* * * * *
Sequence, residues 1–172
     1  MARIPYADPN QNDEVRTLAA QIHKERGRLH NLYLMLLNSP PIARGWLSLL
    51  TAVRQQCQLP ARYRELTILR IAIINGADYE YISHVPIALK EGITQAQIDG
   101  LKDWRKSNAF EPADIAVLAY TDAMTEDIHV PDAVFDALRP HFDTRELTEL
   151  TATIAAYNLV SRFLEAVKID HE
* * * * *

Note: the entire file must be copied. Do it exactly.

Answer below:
Sequence, residues 1–172
     1  MARIPYADPN QNDEVRTLAA QIHKERGRLH NLYLMLLNSP PIARGWLSLL
    51  TAVRQQCQLP ARYRELTILR IAIINGADYE YISHVPIALK EGITQAQIDG
   101  LKDWRKSNAF EPADIAVLAY TDAMTEDIHV PDAVFDALRP HFDTRELTEL
   151  TATIAAYNLV SRFLEAVKID HE